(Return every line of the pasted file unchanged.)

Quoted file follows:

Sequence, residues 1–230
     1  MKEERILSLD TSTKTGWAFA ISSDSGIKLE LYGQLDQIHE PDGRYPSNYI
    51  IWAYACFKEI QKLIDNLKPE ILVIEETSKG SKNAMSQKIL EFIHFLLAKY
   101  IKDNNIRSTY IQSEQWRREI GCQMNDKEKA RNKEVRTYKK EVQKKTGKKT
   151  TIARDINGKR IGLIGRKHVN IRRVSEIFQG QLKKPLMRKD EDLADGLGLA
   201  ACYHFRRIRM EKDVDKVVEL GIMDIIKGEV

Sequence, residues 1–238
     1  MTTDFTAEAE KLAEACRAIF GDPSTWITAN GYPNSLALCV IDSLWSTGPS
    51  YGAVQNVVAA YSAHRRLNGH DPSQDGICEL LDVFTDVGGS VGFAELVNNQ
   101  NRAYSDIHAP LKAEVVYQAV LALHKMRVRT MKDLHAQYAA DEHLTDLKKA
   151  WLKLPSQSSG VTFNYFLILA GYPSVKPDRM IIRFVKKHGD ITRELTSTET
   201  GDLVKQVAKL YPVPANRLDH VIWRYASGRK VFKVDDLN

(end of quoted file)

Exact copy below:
Sequence, residues 1–230
     1  MKEERILSLD TSTKTGWAFA ISSDSGIKLE LYGQLDQIHE PDGRYPSNYI
    51  IWAYACFKEI QKLIDNLKPE ILVIEETSKG SKNAMSQKIL EFIHFLLAKY
   101  IKDNNIRSTY IQSEQWRREI GCQMNDKEKA RNKEVRTYKK EVQKKTGKKT
   151  TIARDINGKR IGLIGRKHVN IRRVSEIFQG QLKKPLMRKD EDLADGLGLA
   201  ACYHFRRIRM EKDVDKVVEL GIMDIIKGEV

Sequence, residues 1–238
     1  MTTDFTAEAE KLAEACRAIF GDPSTWITAN GYPNSLALCV IDSLWSTGPS
    51  YGAVQNVVAA YSAHRRLNGH DPSQDGICEL LDVFTDVGGS VGFAELVNNQ
   101  NRAYSDIHAP LKAEVVYQAV LALHKMRVRT MKDLHAQYAA DEHLTDLKKA
   151  WLKLPSQSSG VTFNYFLILA GYPSVKPDRM IIRFVKKHGD ITRELTSTET
   201  GDLVKQVAKL YPVPANRLDH VIWRYASGRK VFKVDDLN